40 Pages Posted: 17 May 2001
Date Written: May 1, 2001
This study provides empirical evidence that capital markets participants believe e-commerce activity subjects companies to incremental firm-specific risk. We identify and measure proxies for e-commerce risks using a diverse sample of Internet and other firms. We first investigate investors' reactions to "hacker" attacks launched against several of the best-known Internet firms in February 2000. After excluding three firms in our sample that are known subjects of the attacks, we investigate whether remaining sample firms experienced "contagious" negative abnormal stock returns following the attacks. We find that the extent of negative abnormal returns is associated with several of the e-risk metrics. Investors appear to believe the likelihood a firm will be subject to similar attacks is positively related to its self-disclosed vulnerability to e-risks, and to its designation by outsiders as an Internet firm. The negative abnormal returns observed are substantial in magnitude and do not reverse over time.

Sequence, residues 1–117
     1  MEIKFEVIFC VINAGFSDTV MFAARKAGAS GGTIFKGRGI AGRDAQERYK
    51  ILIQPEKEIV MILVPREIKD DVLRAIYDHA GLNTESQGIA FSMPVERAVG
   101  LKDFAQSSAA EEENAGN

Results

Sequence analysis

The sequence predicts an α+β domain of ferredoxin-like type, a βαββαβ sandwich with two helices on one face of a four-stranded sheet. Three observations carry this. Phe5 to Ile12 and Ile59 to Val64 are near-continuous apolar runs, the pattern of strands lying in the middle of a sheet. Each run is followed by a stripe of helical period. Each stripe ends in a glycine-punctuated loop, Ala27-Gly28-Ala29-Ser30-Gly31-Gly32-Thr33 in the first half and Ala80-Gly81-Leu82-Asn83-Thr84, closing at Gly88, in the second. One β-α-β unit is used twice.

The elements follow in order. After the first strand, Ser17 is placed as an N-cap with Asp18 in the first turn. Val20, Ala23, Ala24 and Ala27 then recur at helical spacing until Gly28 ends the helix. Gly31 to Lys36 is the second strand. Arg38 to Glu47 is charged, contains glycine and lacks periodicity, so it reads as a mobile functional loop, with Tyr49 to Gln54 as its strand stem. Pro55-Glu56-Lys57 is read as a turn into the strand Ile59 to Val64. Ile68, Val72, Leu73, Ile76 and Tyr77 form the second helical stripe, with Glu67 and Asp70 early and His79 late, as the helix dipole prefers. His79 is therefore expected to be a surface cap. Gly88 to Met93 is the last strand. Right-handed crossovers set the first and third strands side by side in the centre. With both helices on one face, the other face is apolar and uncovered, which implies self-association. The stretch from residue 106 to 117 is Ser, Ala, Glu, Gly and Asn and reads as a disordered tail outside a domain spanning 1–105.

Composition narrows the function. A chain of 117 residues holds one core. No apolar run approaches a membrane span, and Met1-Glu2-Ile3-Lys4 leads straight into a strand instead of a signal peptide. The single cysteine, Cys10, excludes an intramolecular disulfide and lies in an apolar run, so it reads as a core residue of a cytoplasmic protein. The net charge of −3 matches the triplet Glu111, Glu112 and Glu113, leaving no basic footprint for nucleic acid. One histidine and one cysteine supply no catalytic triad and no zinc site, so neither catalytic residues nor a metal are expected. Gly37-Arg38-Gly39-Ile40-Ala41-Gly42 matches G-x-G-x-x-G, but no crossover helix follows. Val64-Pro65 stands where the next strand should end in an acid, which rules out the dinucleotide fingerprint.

The second risk assessment employed consists of financial stress scores provided by Dun & Bradstreet (D&B). We investigate whether D&B financial stress scores are significantly associated with Internet activity and e-risk metrics, while controlling for conventional (financial) measures of risk. We find that D&B give less favorable scores to "B2B" Internet firms, and to Internet firms disclosing controllable e-risks. Evidence also suggests that non-Internet firms disclosing e-risks receive less favorable D&B scores.
Overall the results suggest that reducing controllable e-risks would decrease the cost of debt and equity for Internet firms and, to a lesser extent, for non-Internet firms subject to e-risks.
Keywords: Electronic commerce, risk
JEL Classification: G12, M41
Suggested Citation: Suggested Citation